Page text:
10 Roller Coaster Safety Tips That Could Save Your Life

Rosy Esparza was riding the Texas Giant roller coaster with her son at Six Flags Over Texas in Arlington, Texas, when she fell out of her seat and to her death at around 6:30 p.m. Friday. Witnesses to the fall informed reporters that they had heard Esparza expressing concern about whether or not she was properly secured before the ride began.

Carmen Brown of Arlington, who was waiting on line before the ride took off, told The Dallas Morning News that the ride attendant did not take Esparza’s concerns seriously.

“He was basically nonchalant,” Brown said. “He was, like, ‘As long as you heard it click, you’re fine.’ Hers was the only one that went down once, and she didn’t feel safe. But they let her still get on the ride.”

Six Flags released an official statement sending condolences to the family and assuring guests and employees that the ride has been closed and “pending further investigation.” Esparza’s family said they are too devastated to do any interviews, and it is unclear if they will proceed with legal action.

To prevent a tragedy like this from happening in the future, take note of these quick and easy roller coaster safety tips:

1. Obey the listed age, height, weight, and health restrictions. The measurement guidelines at the entrance to a ride are not just to see how much you’ve grown since last year — make sure to pay attention to what they say, and don’t try to sneak bellow the bar.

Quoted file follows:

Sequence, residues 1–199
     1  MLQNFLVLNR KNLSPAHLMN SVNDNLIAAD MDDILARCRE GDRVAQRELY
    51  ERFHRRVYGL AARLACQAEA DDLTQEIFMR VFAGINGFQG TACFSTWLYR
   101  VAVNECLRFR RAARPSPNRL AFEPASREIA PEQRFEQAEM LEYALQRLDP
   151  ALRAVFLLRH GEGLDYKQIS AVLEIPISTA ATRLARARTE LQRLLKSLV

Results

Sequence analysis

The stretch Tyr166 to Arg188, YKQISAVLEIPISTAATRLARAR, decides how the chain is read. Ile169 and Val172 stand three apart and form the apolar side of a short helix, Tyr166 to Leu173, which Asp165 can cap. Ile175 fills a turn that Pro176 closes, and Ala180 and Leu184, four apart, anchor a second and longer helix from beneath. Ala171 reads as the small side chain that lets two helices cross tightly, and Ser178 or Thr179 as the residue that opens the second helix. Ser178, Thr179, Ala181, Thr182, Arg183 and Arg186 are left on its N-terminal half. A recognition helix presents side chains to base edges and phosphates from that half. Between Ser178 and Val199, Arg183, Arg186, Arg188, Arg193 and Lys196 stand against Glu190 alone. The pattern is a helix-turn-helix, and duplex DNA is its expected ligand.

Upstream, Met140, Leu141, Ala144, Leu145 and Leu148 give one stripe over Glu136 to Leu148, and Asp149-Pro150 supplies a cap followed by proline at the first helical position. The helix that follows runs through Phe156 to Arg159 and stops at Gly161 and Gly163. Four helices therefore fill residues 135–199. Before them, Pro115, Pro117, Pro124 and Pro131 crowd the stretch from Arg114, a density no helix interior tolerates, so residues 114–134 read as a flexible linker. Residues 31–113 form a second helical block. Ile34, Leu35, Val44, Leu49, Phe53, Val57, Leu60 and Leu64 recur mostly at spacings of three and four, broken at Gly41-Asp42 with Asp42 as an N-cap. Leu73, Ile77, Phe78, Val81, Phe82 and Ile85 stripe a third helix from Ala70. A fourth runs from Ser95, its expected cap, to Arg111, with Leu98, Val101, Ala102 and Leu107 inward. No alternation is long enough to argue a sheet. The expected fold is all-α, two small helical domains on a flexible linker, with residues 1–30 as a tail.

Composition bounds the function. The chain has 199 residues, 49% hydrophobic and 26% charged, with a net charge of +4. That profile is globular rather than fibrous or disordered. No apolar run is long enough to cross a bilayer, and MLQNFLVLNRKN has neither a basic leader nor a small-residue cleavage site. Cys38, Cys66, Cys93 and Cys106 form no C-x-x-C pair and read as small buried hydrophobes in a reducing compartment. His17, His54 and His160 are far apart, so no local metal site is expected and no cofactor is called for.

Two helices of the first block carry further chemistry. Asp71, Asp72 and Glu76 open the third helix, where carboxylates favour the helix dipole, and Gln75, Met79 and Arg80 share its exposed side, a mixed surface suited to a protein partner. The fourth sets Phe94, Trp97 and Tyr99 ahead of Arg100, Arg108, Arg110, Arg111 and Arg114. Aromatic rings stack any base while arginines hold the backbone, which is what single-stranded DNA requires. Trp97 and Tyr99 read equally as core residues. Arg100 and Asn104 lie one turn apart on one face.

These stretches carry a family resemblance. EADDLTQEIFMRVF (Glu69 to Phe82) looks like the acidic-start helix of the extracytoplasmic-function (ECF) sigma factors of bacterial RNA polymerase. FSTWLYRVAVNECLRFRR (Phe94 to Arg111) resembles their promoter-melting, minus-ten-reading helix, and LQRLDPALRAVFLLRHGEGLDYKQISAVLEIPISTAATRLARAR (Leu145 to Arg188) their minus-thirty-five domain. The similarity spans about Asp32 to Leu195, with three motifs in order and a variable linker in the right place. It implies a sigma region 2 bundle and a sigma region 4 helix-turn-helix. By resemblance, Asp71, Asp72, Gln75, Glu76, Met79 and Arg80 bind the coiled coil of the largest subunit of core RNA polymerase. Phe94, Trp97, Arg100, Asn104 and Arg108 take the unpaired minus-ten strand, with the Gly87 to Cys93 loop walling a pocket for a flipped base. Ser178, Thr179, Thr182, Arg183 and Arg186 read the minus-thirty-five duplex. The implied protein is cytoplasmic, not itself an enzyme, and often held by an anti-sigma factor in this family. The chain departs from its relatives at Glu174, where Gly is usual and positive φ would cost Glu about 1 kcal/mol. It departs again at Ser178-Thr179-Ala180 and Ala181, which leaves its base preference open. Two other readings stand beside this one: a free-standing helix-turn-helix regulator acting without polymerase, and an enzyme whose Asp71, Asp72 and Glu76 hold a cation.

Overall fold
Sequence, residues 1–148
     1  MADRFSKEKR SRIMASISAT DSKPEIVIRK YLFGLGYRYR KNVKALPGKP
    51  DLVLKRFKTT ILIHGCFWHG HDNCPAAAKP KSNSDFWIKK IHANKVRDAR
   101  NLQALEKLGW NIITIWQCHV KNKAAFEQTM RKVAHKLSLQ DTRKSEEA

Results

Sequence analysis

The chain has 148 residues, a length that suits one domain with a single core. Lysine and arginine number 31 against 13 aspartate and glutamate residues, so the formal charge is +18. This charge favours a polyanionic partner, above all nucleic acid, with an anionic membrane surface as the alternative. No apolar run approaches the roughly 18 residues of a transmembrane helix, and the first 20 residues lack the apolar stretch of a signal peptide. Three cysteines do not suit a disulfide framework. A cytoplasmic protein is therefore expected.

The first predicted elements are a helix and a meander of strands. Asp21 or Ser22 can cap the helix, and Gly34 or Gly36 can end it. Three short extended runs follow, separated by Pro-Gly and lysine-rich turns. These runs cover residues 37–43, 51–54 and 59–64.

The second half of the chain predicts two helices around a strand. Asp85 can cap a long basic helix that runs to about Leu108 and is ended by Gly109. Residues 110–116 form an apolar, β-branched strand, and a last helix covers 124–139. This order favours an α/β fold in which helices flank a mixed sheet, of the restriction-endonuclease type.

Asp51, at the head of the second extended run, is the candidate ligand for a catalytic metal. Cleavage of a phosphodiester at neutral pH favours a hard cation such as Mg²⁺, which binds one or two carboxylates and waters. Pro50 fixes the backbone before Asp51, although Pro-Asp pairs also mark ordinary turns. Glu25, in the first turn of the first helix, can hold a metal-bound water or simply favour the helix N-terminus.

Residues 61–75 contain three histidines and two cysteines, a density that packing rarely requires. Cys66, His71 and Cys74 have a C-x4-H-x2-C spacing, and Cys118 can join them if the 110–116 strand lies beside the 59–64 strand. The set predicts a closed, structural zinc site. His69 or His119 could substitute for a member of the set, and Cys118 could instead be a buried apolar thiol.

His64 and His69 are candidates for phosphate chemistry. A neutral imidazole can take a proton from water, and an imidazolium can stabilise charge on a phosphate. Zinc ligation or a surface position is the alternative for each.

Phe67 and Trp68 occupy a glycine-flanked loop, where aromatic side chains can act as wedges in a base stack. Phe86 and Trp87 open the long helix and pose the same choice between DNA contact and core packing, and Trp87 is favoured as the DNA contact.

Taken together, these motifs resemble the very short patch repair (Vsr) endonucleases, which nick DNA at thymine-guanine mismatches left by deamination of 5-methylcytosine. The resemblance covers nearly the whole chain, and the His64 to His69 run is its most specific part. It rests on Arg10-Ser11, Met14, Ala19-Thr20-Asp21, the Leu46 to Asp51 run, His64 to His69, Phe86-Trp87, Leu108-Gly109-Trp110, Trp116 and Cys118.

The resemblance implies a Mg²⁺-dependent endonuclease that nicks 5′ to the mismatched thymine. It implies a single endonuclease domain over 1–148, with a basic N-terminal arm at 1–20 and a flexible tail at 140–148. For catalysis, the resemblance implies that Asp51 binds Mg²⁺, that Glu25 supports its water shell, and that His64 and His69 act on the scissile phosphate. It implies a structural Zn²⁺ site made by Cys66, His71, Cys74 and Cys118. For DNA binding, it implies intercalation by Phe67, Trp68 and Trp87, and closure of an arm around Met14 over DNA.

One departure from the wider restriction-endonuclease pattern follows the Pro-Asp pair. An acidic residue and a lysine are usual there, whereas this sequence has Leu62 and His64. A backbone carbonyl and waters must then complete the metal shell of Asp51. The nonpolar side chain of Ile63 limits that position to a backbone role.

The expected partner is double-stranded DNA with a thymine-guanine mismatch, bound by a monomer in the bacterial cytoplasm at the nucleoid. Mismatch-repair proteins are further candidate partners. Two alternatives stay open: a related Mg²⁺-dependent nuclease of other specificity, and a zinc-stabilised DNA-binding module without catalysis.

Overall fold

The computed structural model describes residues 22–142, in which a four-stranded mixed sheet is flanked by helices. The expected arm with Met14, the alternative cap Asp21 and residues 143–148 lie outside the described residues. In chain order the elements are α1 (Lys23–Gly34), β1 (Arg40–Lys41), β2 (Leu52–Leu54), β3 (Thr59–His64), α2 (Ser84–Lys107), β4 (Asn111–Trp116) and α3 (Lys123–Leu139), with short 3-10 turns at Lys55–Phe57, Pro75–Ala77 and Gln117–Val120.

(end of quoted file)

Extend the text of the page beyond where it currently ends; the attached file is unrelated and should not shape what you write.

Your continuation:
2. Watch the ride first, so you know what to expect. See how riders are loaded and unloaded. Watch how the safety belts are fastened first, so that when you get on the ride, you know what to do.

4. Keep you head, hands, arms legs and feet inside the ride at all times. It’s important to keep all body parts inside the vehicle while it’s moving. If you want to put you hands in the air for that first drop, go ahead. Just be sure to safely return them to your car for the next part of the ride.

5. Keep your eyes looking forward and your head up to protect your neck from injury. Roller coasters are prone to sudden accelerations and abrupt changes in direction. Keep you head up and looking forward to ensure the sudden jerks don’t hurt your neck.

6. Wait until instructed to remove your safety belt/lap bars/shoulder harnesses and exit the ride. After the ride stops, don’t unbuckle until you’re told to do so. Wait until the park employee tells you to exit to exit the vehicle before moving on to your next destination.

7. Take frequent breaks between roller coaster rides. The rides aren’t going anywhere. Give your body time to rest and readjust before jumping onto the next coaster. If you start to feel unwell, respect your body’s request to slow down.

8. Don’t get on a ride that looks poorly maintained. Follow your instinct. If your gut tells you that wooden coaster looks too rickety, opt out. There’s no harm in avoiding a ride that looks like it just might collapse with one more run.

9. Never stand up while a ride is in motion. This may seem obvious, but it is often people’s natural instinct to try and escape the ride if something goes wrong. If you ever find yourself in this situation, fight the urge, stay seated, and wait for an operator to give further instructions.

10. If you see something, say something. As much as it’s your responsibility to take care of yourself, it is important to look out for the safety of others on the ride as well. If you see unsafe conditions or behavior, report it to a park employee immediately. You never know:  your comment could save a life.  


No responses yet

Leave a Reply